Home Inspector with LPM Home Inspections, Inc.

LPM Home Inspections quality inspections (QI's) for home buyers gets into a lot of stuff that's important before you buy your home.  We've already covered ceilings, so let's change directions and look at the floor.  You know, that's the big expanse you're standing on.  Floors come in all shapes and sizes so we'll limit ourselves to the standard issues.

First, take a look around.  Is there flooring everywhere it's supposed to be or is there just bare wood or concrete.  If you can see these, it means something you want is missing.  Let the seller or contractor know that they've FORGOTTEN to install the flooring. 

If the flooring is there, here's what to look for:


Is carpeting installed with no rolls, bubbles or seams visible?

Is carpeting tight against the baseboard?  No gaps are allowed.

Are there stains or snags in the carpet?


Ceramic tile floors should be tucked under the baseboard shoe mould.

Does the tile grout match or does it change color from one section to another?

Look worried.  Pace the floor - make sure there are no chips, marks or cracks and that the grout is actually there.

Compare the edges of the tile to the wall.  If the gap between them gets bigger either the wall or tile has been installed crooked and you need to have a talk with the contractor or seller.  This is especially important if small details drive you absolutely crazy the longer you live with them.


Check the alignment (straightness) of the boards by comparing the joints in the wood to a nearby wall.  If they're skewed, either the wall or the floor is crooked.

Do the colors of the wood match?  If not, why not and can you live with the contrast?

Make sure the baseboard shoe mould overlaps the sides of the wood.

Look for gaps between the boards.  Do they belong there?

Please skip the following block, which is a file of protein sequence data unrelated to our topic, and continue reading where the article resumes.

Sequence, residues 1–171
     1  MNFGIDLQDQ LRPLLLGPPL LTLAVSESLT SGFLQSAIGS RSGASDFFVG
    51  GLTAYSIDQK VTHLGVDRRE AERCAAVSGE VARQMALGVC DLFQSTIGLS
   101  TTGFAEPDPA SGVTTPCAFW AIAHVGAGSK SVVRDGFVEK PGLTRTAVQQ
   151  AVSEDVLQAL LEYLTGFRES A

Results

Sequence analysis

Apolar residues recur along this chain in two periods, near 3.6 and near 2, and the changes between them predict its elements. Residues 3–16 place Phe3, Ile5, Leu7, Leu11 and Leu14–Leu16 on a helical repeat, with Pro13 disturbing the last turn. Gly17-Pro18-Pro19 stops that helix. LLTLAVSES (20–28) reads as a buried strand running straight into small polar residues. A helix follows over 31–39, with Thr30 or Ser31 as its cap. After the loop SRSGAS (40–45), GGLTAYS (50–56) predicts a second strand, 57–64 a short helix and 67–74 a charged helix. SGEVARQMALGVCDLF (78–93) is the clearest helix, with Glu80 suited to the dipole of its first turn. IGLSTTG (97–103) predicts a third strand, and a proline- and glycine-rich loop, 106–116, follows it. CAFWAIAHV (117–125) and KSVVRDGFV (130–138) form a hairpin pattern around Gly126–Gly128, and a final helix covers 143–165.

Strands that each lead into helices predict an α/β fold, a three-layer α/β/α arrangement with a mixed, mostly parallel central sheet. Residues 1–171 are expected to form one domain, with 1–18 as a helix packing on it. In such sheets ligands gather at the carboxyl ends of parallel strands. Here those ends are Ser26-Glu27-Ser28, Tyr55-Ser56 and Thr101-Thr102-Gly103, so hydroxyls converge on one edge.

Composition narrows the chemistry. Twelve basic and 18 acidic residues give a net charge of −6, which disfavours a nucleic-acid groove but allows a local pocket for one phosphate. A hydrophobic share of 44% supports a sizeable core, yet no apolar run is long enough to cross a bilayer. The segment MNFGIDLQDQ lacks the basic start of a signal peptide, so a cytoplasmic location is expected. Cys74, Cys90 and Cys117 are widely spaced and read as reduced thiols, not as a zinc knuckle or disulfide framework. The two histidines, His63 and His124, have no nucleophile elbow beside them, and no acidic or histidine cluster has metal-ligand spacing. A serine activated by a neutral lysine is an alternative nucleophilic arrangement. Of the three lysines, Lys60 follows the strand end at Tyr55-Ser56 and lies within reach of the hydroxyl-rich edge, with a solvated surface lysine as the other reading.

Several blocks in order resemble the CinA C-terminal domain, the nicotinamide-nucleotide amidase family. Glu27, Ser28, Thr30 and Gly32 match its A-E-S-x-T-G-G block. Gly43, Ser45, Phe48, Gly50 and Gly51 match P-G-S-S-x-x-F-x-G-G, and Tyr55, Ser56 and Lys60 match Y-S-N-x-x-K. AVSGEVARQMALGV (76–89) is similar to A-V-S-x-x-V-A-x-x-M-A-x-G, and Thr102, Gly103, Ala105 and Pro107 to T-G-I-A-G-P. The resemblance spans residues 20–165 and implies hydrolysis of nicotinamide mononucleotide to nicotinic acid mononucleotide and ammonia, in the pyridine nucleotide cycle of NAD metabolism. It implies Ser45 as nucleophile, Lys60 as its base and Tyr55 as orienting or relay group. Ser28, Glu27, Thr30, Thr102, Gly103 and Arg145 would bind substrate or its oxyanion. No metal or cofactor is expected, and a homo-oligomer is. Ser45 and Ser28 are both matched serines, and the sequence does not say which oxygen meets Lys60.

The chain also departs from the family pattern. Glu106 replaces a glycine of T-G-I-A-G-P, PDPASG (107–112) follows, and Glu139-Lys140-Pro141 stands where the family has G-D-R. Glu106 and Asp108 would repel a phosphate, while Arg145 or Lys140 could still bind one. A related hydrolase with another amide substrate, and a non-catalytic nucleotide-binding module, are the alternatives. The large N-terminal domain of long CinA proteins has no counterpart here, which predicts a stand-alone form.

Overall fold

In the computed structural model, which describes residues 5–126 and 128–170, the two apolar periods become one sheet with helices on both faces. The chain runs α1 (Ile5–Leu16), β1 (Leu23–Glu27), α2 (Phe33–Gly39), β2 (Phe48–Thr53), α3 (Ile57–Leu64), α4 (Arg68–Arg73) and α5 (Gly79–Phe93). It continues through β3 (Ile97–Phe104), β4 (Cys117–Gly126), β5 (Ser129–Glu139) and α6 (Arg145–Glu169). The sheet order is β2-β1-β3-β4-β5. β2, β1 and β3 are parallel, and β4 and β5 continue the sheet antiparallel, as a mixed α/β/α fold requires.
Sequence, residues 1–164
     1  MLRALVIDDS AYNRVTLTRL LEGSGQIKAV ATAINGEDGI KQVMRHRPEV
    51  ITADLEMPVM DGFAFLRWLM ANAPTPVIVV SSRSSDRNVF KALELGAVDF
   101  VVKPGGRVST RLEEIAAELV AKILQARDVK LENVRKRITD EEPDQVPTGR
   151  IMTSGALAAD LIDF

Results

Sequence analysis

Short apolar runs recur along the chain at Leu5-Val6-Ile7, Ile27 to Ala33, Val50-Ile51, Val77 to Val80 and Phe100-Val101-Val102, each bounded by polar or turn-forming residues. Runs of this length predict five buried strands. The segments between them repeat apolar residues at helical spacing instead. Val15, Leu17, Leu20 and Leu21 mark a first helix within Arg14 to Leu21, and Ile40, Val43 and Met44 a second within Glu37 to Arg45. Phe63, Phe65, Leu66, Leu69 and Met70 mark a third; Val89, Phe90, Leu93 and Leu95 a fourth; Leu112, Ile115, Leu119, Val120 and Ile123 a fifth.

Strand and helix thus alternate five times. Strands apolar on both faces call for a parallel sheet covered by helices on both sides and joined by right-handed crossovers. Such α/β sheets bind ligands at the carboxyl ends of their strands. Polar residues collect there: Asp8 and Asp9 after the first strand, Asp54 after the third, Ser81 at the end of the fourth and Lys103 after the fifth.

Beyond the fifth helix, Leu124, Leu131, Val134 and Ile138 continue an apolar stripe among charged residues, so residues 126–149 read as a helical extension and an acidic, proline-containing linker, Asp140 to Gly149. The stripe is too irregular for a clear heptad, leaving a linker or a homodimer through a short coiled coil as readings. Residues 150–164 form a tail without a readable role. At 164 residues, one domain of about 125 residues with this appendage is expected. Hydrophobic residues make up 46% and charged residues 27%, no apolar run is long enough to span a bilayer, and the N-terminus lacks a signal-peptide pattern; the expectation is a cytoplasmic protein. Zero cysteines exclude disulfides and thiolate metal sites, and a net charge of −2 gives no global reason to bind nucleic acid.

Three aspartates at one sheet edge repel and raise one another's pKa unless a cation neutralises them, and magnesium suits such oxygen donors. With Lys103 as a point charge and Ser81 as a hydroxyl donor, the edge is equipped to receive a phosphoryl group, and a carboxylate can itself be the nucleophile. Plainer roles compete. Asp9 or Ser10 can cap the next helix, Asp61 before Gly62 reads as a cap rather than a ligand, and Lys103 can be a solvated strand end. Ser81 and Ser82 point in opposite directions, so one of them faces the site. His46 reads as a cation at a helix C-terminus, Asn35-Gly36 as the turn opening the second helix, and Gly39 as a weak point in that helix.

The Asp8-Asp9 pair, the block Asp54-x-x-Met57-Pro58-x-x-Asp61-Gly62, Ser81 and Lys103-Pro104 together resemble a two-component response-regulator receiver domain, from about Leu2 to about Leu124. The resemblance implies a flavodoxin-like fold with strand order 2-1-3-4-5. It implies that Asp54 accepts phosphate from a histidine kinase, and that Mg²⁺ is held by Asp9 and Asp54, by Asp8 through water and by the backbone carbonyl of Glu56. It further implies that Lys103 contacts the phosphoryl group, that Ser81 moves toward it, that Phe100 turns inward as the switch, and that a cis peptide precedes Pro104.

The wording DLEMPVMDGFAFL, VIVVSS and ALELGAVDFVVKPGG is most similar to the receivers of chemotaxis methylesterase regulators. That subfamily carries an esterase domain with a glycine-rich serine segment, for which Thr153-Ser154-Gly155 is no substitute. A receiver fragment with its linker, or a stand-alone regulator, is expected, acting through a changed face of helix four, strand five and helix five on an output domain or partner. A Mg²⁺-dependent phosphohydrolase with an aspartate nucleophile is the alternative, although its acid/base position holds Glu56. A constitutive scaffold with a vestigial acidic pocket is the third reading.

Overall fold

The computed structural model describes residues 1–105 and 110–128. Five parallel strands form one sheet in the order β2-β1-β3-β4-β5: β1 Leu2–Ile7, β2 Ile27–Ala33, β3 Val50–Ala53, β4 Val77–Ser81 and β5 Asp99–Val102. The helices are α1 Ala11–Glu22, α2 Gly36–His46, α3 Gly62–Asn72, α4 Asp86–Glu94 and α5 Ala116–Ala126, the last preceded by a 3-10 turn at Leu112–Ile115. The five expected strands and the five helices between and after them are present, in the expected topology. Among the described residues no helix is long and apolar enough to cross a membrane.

If you find bows or bubbles in the flooring, somebody did something wrong during installation.

Bend down (if you can) and use a reflection in the surface of the wood to look for scrapes, gouges, holes or flaws.


"Floating" floors look like hardwood but are sheets bound together with a thin layer attached to the bottom to serve as a cushion.  The surface gives when you step on it.

You're looking for humps, bows, scratches and disconnected joints.

Make sure there are no gaps where one floor surface meets another.


Vinyl flooring can come in rolls (formerly called linoleum) or in individual squares.

Make sure there are no bubbles, marks, gouges tears or gaps.

Bend down (yes, again) and use reflections on the surface to look for tiny bumps where the installer left wood or pebbles when he swept the subfloor.  These tiny bumps will turn into holes over time.  

Shoe mould should be installed wherever vinyl meets walls, cabinet bases and, sometimes, tubs and showers.

Final note.  It drives me crazy when a floor starts to squeak.  It's an easy fix but don't buy a new home with a floor that makes noise before you even move in.  Walk heavily over the floors (and stairs for that matter), bouncing on your toes to detect squeaks and creaks and report them to the seller or contractor.  Guys, this is especially important if you're trying to sneak into the house at 3:00 a.m. when you were expected home at 9:00 p.m.

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